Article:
Designing a Voice for Loss.

Spatial UX, Exhibit Design, Community Design & Research - Spring 2017



I Lived, We Live, What Did We Miss?

There is no good reason to bury a child. There is no justification for why this unnatural act has become normal in Hazelwood. Here, we recognize the countless individuals who have left the pain of saying goodbye to loved ones whose lives were cut short by street violence. Their stories of loss encourage us to share our own, and through this exchange, we take part in something bigger than ourselves. We become a community empowered by our vulnerability, strengthened from our compassion, and engaged with the issues that matter to us. This exhibit describes the journey of Hazelwood and asks us how we have arrived to a world with such systemic loss. We question the larger forces in our society, as we strive to find peace in our personal histories. We look for opportunities for positive change, and recognize the power of this community many people call home: Hazelwood.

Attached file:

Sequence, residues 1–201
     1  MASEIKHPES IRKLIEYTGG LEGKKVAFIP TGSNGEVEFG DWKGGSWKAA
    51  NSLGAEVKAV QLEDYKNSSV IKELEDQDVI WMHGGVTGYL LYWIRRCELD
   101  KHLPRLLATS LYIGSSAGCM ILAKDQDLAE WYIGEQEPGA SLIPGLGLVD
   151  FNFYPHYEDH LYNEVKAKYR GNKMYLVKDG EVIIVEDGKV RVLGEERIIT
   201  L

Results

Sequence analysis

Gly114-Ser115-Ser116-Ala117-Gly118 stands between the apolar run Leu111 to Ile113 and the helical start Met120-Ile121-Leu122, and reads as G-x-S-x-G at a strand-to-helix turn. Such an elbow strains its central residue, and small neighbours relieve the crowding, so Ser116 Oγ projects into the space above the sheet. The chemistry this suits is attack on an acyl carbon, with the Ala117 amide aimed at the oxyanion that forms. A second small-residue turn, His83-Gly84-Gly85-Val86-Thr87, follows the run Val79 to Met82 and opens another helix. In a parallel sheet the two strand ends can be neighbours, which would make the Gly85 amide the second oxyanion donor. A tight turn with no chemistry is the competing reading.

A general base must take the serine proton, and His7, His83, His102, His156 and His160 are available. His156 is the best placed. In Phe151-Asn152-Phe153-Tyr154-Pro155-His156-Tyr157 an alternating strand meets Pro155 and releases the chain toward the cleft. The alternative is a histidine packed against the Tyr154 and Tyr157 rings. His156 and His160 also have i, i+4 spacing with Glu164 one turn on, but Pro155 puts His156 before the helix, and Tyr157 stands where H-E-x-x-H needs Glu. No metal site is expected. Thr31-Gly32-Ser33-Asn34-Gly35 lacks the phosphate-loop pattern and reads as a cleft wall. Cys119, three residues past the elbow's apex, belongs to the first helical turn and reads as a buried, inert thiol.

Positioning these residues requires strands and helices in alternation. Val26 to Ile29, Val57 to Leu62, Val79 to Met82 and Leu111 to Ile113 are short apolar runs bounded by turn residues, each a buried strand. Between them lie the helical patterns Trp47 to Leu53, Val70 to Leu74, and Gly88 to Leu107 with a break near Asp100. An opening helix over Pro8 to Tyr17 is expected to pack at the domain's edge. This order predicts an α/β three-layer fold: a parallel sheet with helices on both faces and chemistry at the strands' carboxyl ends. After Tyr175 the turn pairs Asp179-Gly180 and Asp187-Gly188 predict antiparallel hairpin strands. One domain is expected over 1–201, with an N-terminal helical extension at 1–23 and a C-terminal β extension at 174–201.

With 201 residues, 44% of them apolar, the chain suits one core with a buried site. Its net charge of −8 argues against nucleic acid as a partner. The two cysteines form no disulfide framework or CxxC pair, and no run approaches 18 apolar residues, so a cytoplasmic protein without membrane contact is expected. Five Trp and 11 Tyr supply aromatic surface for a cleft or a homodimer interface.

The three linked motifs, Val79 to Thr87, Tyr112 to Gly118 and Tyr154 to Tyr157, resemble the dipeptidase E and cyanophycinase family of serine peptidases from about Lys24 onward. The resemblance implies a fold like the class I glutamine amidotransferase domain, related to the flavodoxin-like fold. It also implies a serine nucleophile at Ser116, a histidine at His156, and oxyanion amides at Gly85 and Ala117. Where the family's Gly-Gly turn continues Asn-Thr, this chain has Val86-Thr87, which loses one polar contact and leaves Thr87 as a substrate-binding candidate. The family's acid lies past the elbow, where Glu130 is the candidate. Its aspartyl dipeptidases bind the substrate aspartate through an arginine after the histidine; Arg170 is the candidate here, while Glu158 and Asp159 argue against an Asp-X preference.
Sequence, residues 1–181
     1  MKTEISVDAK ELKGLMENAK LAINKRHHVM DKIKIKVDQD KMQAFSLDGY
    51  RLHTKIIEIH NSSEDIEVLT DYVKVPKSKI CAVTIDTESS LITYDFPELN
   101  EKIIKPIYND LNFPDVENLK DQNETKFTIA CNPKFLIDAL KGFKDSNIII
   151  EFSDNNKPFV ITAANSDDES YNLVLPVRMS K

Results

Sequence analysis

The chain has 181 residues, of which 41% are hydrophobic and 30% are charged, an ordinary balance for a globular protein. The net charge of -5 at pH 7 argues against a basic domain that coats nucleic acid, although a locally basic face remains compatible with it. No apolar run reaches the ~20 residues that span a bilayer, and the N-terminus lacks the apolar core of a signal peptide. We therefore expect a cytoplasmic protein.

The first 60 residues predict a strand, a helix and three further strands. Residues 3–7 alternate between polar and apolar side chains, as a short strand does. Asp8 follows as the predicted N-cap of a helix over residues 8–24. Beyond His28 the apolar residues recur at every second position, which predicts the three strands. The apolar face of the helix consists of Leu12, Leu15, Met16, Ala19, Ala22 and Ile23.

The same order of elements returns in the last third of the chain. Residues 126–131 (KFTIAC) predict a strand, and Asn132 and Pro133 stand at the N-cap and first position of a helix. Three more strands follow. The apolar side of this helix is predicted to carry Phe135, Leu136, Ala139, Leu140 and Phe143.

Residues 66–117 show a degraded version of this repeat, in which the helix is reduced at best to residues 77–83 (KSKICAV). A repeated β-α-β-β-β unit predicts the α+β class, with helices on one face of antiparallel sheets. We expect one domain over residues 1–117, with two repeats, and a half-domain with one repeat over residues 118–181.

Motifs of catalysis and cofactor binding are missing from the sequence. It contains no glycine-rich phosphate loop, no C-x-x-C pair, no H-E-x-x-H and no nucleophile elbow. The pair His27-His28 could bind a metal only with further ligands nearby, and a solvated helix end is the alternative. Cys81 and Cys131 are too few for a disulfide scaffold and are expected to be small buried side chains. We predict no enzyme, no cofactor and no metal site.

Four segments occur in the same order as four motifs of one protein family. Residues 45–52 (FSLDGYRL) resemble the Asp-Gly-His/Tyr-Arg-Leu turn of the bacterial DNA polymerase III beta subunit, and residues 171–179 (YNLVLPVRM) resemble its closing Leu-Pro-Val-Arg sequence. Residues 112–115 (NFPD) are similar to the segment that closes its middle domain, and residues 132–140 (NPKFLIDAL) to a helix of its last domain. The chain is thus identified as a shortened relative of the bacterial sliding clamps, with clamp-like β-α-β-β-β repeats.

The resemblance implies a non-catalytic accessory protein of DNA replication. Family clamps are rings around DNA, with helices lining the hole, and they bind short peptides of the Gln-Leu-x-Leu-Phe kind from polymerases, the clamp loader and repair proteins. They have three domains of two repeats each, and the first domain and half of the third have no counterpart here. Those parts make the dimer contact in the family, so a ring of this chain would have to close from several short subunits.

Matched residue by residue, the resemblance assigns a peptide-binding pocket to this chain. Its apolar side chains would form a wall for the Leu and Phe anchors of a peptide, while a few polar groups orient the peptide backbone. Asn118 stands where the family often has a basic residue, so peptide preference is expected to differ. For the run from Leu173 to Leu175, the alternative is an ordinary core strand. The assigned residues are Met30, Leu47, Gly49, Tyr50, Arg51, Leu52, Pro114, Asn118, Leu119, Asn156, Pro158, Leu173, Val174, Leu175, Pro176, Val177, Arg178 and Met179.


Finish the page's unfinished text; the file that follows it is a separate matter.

This project was born out of a collaboration between the Pittsburgh Community of Hazelwood and Carnegie Mellon's Senior Capstone Project. Being a class of 30+ designers, a clear organizational framework had to be build to execute an appropriate exhibit. This exhibit was broken into 5 themes and spaces in the exhibit, all working together to produce a larger narrative: Spaces We Shared, Systems We See, Aspirations We Hold, Together We Remember, and United We Will.


I took on a role as team lead for six designers working on the part of the exhibit titled: United We Will, designing a space to empower individuals to reflect and see their contribution as a part of the whole. I aided in critical brainstorming internally, but also meeting with other team leads to form that consistent narrative. I aided in interviews, research, and  designing and building the physical form of the structures and the system around visitor contribution.


For my Senior Capstone project, our CMU Design Class engaged and worked with members of the Hazelwood community to better understand how losses affect the identity of a community and how, in the aftermath of loss, memory of place changes overtime. We worked to address these issues by partnering with the Center of Life (COL), a faith-based, community-empowerment organization that serves residents in the greater Hazelwood neighborhood of Pittsburgh. Together, this collective knowledge helped tell a story about this community in an effort to invite conversation.